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Using digital extension services amid Covid-19

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BY PAULINE MBUKWA:

ACKNOWLEDGES COVID-19 THREAT—Kuwali

The Covid-19 pandemic affected all sectors of the economy including agricultural extension services, whose nature of work requires face-to-face training and field day demonstrations.

This year, some major annual events like the National Agriculture Fair were not held but the pandemic also presented an opportunity for stakeholders to be creative in terms of reaching out to farmers.

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Civil Society Agriculture Network National Director Pamela Kuwali says the pandemic posed a threat to agricultural extension services as both farmers and extension workers were restricted from interacting freely.

This, in turn, diminished farmers access to extension services.

“This calls for embracing alternative ways of transferring information about improved agricultural technologies to smallholder farmers,” Kuwali says.

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Most organisations turned to digital platforms when they failed to physically meet farmers.

Plan International Malawi Development Facilitator Blessings Nyirenda created a WhatsApp group with 113 farmers in Mzimba with the purpose of enabling exchange of knowledge and information-sharing among smallholder farmers and extension staff.

Through the group, the farmers share pictures and videos of various themes they learnt at farmer field schools. The farmers also have a chance to ask questions on issues they do not understand.

“The WhatsApp group is making my work easy as I am able to reach many farmers easily and to respond to any issues that they may have related to their farming,” says Mica Chavula, Master Trainer (Agriculture Extension Development Officer) for Chikangawa Extension Planning Area in Mzimba South.

Commercial Agriculture Support Services Coordinator Charles Govati says digital extension can work in Malawi if the country invests in the necessary ICT infrastructure including rural electrification.

The mindset change is also necessary to catalyse adoption and acceptance of digital channels as authentic sources for agriculture advisory messages, Govati says.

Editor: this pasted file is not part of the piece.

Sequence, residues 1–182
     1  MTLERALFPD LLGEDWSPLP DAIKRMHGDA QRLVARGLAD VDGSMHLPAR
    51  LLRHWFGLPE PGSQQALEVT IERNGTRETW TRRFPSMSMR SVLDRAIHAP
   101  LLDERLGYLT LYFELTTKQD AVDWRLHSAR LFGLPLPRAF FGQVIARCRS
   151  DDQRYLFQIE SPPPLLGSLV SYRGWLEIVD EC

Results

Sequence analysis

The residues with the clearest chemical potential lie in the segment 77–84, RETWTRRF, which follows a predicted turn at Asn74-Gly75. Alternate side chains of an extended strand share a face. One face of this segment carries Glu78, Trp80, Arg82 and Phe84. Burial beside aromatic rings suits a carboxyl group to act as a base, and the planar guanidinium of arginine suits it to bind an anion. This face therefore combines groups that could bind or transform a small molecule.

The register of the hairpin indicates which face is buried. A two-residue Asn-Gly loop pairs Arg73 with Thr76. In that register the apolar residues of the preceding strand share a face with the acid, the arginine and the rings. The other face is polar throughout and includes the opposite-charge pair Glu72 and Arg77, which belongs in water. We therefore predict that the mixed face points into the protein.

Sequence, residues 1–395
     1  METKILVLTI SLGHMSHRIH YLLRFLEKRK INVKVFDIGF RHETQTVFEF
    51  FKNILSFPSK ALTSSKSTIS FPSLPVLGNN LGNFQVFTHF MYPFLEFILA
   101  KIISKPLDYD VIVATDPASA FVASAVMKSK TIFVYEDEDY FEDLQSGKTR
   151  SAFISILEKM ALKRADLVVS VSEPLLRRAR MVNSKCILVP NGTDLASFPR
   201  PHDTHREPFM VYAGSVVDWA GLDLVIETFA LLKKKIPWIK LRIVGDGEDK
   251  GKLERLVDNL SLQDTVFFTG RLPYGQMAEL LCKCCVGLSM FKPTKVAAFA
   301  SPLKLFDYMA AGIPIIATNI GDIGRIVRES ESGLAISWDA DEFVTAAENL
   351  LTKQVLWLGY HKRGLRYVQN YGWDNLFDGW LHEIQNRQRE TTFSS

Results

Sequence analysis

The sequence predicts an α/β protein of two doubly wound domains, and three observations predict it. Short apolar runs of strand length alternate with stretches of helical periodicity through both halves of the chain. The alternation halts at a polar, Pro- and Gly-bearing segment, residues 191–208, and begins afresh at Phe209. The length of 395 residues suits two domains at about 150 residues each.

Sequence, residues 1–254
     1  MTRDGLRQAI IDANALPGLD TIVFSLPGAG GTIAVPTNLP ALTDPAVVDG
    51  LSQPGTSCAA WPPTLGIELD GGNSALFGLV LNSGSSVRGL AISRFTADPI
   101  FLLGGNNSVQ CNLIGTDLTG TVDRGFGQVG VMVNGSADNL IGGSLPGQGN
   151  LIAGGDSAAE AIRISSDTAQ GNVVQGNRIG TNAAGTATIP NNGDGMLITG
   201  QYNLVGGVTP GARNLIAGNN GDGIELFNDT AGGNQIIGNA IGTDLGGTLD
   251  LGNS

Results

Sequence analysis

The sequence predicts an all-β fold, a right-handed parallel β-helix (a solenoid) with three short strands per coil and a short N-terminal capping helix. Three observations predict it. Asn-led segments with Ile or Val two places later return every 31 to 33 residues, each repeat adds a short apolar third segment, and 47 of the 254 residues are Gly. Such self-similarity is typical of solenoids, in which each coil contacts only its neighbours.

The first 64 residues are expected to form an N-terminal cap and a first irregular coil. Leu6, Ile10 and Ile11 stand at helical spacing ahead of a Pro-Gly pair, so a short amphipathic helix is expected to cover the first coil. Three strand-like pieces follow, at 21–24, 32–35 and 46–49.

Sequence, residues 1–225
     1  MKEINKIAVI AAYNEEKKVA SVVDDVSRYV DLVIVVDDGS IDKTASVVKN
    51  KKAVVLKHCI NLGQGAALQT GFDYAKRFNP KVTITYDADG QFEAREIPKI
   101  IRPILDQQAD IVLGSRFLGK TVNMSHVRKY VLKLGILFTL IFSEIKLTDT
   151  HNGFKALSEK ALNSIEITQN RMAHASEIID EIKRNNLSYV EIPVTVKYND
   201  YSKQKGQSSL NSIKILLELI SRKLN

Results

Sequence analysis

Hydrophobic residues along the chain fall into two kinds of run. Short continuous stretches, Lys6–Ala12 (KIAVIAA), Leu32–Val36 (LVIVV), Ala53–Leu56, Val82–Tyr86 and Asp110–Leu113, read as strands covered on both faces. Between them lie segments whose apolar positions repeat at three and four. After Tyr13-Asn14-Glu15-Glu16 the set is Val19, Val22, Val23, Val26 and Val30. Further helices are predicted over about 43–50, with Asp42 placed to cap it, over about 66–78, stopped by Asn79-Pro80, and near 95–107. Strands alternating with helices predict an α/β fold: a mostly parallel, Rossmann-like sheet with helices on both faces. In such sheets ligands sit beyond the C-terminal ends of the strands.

“There is also need to activate the mind on how to screen fake and misleading messages by increasing their ability to identify authentic sources of digital information,” he cautions.

Director of the Department of Agriculture Extension Services Jerome Nkhoma says his department is using e-extension to reach out to farmers.

The department is working with the Food and Agriculture Organisation of the United Nations, Farm Radio Trust and other development partners in disseminating agricultural advisories through radio.

Apart from using radio, the department is also using mobile-based platforms to reach out to over 40,000 farmers with information on production, market, nutrition and Covid-19 messages.

“Our goal is to ensure there is continuity in production and marketing of agriculture commodities in the midst of the pandemic,” Nkhoma says.

It is factual that Malawi continues to face challenges in access and usage of ICT digital tools such as smartphones, which would enable farmers to access digital applications.

The 2015 National Statistical Office ICT access survey report showed that 36 percent of Malawi’s population had access to a mobile phone and the proportion of those in rural areas was lower, at 30.2 percent.

Apart from access, poor internet connectivity and the cost of internet are some of the problems that affect usage of digital platforms.

“To address these challenges, there is need to invest in ICT infrastructure in the country. Capacity-building of end-users also becomes critical as the digital tools require skills,” says George Goliati, founder of Midule Farmers organisation based in Blantyre.

Recently, the government, through the Ministry of Information, reviewed the 2013 Malawi ICT Policy which aims at, among other things, addressing ICT gaps such as access, and connection, to services.

There is hope that digital extension services will be utilised to the fullest potential if the government improves the status of ICT infrastructure.

The use of digital extension services is billed to improve access to extension services and markets if existing challenges such as access to digital tools and low literacy levels among the rural communities are addressed.

Covid-19 has, somehow, provided stakeholders with an opportunity to re-think communication approaches.

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